Beverly Barton has written many fine romantic suspense stories, and it is a disappointment that this one is not up to her usual standards. Barton’s recipe for previous successes has been the total integration of romance in a setting of mystery and tension. In Her Secret Weapon, the romance is steamy enough, but the mystery, which is driving “The Year of Loving Dangerously” series, is poorly treated and instead of being integrated into the story merely intersects it on occasion.
Callie Severin, the daughter of a diplomat living in London, was shattered one day when her employer and fiancé told her he was going to marry someone else. She quit her job and ran to find her cousin Enid’s shoulder to cry upon. Instead she found Burke Lonigan drowning his sorrows at a bar. His sorrows were related to the death of his father and his exclusion from the family because he is the illegitimate son.
Immediately attracted, Callie abandoned her search for Enid and had a drink with Burke and then a night of incomparable lust which she romanticized. A comforting way to approach it, since she departed early morning without telling him her name, and nine months later, their son Seamus was born.
Happily, Enid has been able to support Callie until she can return to the work force, and we join the story after she has been employed as Lonigans’s personal assistant for a couple months. Lonigan owns a huge import-export business, and word has it that it is a front for illegal arms trading. Callie had sought employment there because she wanted to see what type a man Burke truly is before she decides to tell him that he has a son. It is not particularly to his credit that he does not recognize her when he hires her.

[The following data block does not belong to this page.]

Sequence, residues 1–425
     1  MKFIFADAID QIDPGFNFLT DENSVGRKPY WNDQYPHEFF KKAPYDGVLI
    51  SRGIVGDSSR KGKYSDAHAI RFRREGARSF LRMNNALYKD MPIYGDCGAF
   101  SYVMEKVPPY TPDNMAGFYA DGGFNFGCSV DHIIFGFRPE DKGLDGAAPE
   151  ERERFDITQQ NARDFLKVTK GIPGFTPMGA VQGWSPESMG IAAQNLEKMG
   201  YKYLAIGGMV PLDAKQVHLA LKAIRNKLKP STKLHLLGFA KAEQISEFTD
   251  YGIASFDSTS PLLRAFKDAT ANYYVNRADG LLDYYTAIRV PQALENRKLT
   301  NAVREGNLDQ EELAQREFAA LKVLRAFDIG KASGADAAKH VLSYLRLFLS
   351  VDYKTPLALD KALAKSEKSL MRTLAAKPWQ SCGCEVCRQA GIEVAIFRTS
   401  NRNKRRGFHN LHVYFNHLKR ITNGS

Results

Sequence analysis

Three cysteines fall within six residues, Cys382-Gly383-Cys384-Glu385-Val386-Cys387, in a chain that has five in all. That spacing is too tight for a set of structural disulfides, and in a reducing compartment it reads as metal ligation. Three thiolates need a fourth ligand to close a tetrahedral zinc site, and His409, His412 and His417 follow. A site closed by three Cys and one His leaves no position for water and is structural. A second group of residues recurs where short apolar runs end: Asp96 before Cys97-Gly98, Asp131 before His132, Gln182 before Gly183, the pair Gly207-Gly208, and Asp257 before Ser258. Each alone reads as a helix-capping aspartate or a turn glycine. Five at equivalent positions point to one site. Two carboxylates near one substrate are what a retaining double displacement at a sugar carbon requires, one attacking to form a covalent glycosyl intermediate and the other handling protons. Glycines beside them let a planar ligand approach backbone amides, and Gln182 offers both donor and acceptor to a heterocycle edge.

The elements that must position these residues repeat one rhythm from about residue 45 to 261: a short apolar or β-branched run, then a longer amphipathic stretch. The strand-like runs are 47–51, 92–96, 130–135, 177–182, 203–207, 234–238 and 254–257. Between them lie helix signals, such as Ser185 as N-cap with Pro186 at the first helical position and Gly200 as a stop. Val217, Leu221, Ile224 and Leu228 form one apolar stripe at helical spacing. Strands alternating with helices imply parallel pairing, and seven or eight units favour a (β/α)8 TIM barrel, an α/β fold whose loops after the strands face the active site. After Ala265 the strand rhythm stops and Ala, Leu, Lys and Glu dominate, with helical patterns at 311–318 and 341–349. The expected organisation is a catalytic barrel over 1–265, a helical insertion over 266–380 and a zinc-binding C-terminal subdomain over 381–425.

However, the more Callie works for Burke, the better she likes him. Since she is already in love with him, this places her in a vulnerable position. But the more she sees him, the more she realizes that he does have a secret life related to arm sales. She spends almost the entire book agonizing about whether or not Burke is the type of man to be the father she wants for her son.
Meanwhile Burke is still mystically attracted to the woman of the infamous one-night stand but can’t remember her face, and is mystified, and certain that he has some type of mental block. However, he is fast falling for Callie.
To me, these are very simple concepts; the dilemma is obvious. What I do not understand is why the author found it necessary to state, and restate these dilemmas time and time and time again in the novel. Very little happens except for Callie or Burke thinking and rethinking their problems. This is mostly done without the benefit of any dialogue.
The infamous villain Simon appears one night in Burke’s office to purchase the weapons he was trying to acquire in the prior novel by Eileen Wilks (The Night of No Return). Callie stumbles in on them and in a very contrived scene, Burke passes her off as his fiancée, and Simon agrees that if he indeed marries her, then it will not be necessary to kill her.
Callie has to agree and this brings a renewal of doubts and angst. So much time is spent agonizing about their respective problems, that it leaves little space for plot development. Instead of characters slowly acquiring knowledge, meager as it is, gradually through dialogue or action, suddenly their awareness jumps a level or two at odd times.
Dialogue is sparse, inner tension is omnipresent, and the action is limited. This is not a good formula for character development or a credible story line. In fairness to the author, the sexual tension matches the inner tension of the characters, and if that is all you require in a novel, then it is an acceptable read. If you are into the series, then you will be merely treading water for one month.